Feature Articles - The Life of Evelina Haverfield - Austrian Invasion of Serbia
In September, the enemy began amassing their forces along their borders with Serbia; the Austrians bolstered by German divisions in the north, and the Bulgarians along the eastern border.
Sometime, while all this
activity was going on, Evelina received a letter from a cousin in
London, who was attending to her mail there, advising her that her
eldest son, John, had been killed in action, fighting with the Allied
forces in Mesopotamia. She had to deal with this personal blow in an already difficult and dangerous situation.
In early October, the enemy unleashed their attack by first bombing Belgrade, then invading Serbia all along the northern and eastern borders. The Serbs fought courageously, but they were greatly outnumbered and outclassed militarily.
As the Serbian Army fell back, all along the front, a growing wave of refugees moved south and west ahead of it, in their attempt to escape an enemy occupation. As soon as Belgrade fell to the enemy, it was necessary to evacuate the S.W.H. frontier units. They were ordered to move south to Krushevatz, a town in central Serbia where there was a large military hospital. Dr. Hollway's unit, consisting of 22 Scottish Women and a few Serbian employees, became part of the exodus south.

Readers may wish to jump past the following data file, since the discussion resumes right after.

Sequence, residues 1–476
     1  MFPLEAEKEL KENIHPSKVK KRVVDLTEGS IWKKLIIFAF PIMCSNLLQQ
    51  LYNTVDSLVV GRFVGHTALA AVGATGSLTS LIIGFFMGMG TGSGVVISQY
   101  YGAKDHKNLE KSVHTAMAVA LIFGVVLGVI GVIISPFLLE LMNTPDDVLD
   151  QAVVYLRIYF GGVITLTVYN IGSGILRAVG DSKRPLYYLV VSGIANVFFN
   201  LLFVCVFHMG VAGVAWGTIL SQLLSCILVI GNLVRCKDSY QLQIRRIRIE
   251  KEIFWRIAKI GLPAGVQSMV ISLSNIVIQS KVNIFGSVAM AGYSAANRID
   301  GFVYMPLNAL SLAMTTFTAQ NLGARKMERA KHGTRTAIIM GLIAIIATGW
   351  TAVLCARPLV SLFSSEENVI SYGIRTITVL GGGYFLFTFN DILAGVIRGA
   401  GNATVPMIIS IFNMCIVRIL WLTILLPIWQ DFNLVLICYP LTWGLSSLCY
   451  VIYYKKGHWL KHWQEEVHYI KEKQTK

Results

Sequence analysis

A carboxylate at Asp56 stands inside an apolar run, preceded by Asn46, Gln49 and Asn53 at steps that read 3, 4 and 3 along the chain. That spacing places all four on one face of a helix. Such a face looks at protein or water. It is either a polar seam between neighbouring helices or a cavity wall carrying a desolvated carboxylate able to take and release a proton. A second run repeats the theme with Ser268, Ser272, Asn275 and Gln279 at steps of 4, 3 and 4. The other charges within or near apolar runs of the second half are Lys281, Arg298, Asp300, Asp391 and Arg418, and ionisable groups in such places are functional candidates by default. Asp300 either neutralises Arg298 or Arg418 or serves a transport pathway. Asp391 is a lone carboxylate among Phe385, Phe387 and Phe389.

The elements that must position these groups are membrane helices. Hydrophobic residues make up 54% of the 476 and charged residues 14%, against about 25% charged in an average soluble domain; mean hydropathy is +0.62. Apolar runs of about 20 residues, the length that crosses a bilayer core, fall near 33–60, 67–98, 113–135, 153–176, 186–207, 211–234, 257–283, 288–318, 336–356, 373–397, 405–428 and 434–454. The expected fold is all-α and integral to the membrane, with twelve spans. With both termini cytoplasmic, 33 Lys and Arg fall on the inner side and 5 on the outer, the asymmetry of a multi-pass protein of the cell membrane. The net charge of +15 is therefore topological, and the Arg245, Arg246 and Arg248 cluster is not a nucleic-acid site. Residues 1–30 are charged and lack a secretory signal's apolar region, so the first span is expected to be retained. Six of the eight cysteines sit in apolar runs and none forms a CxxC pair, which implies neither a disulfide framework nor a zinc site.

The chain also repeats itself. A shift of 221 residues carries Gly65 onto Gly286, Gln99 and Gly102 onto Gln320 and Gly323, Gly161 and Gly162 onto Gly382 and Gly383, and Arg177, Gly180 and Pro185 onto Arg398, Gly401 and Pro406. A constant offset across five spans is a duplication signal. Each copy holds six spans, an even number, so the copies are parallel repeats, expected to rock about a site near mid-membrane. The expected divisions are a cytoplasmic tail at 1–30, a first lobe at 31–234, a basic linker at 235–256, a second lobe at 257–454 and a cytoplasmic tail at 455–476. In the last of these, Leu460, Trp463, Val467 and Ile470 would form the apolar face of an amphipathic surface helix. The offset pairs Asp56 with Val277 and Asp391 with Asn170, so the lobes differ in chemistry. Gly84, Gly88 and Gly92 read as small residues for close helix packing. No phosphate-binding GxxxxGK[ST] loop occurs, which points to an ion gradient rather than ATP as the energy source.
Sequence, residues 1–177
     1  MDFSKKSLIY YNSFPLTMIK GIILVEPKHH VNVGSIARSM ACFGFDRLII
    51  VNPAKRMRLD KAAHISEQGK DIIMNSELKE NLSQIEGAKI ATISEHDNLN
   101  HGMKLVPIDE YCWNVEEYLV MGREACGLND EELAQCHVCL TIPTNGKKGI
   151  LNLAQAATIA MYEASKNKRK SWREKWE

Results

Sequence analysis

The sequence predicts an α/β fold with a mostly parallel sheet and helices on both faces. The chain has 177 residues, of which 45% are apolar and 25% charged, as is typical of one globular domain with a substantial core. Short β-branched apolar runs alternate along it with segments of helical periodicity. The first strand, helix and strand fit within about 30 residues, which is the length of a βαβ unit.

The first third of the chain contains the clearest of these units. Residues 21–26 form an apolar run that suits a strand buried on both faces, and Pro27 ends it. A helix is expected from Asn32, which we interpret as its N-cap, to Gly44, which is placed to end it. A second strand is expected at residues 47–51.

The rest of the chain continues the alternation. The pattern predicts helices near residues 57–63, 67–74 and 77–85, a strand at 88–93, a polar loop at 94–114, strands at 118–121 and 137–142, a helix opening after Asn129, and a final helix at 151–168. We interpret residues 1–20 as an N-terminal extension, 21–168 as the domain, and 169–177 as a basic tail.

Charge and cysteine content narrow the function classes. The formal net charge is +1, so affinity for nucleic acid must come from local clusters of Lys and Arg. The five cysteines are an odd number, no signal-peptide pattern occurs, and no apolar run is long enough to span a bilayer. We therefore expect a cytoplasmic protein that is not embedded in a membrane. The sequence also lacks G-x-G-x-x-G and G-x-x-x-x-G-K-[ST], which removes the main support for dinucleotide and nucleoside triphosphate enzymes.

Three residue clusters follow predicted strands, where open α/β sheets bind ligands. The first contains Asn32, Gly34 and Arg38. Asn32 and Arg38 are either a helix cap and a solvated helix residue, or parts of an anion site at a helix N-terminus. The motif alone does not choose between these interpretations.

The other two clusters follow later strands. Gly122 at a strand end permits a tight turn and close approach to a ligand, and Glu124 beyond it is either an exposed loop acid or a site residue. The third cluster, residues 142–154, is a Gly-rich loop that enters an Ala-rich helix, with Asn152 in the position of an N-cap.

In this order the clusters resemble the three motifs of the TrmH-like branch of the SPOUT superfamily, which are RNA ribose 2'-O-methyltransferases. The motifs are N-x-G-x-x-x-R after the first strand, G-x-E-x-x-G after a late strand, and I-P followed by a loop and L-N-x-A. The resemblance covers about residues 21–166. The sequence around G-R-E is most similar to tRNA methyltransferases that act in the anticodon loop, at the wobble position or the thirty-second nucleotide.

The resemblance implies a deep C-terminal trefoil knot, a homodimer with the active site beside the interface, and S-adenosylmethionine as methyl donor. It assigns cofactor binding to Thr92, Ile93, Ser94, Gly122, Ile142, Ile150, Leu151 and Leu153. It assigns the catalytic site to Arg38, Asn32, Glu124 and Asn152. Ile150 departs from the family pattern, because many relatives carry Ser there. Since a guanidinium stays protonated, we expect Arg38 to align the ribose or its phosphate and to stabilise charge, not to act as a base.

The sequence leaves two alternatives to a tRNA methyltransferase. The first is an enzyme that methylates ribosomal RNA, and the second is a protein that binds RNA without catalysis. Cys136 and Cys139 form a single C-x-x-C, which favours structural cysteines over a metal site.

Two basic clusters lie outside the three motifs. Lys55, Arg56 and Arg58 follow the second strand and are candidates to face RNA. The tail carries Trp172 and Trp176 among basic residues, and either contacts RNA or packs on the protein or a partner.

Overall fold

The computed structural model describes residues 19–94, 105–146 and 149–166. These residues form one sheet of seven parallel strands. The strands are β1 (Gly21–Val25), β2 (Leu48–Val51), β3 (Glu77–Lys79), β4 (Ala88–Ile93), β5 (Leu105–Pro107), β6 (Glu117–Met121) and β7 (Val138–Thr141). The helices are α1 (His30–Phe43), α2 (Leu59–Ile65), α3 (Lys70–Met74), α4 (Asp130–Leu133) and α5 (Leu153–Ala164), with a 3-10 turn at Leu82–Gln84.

Evelina and the support staff threw together bundles of blankets, bedding, bandages, and other necessary materials for the move, and the medical personnel packed essential surgical instruments and their valuable supply of medications. The whole unit piled into a corner of a cattle truck on a crowded train headed south.
Soon after Dr. Hollway's unit arrived in Krushevatz, Dr. Inglis and her unit, joined them. With the very limited supply of materials they had brought with them, and some basic equipment supplied by the Serbian Hospital, they established a hospital unit in an abandoned storage building.
It had two storeys, both dark and dirty; the lower level had a dirt floor on which the patients' mattresses had to be placed. There was space and primitive facilities for about 150 patients, but because of the large number of wounded soldiers which continued to arrive with the retreating Serbian Army, the Scottish Women had to try and accommodate four times that many, even before they were ready to admit any.
Because of the imminent collapse of the Serbian defences and the likelihood of an enemy occupation of the entire country, most of the Scottish Women chose to join the retreat and get out of the country while they could. But some thirty-four women, in the two units headed by Dr. Inglis and Dr. Hollway, chose to stay and ride out the occupation because they felt that the Serbs badly needed the care that they were providing.
In spite of the recent loss of her son, John, and the prospects of her own precarious situation, Evelina chose to stay.
The invasion from the north, by the forces of Germany and Austria, had commenced in early October, but because of the primitive state of transportation and the mountainous terrain of Serbia, it was early November by the time a German regiment reached Krushevatz.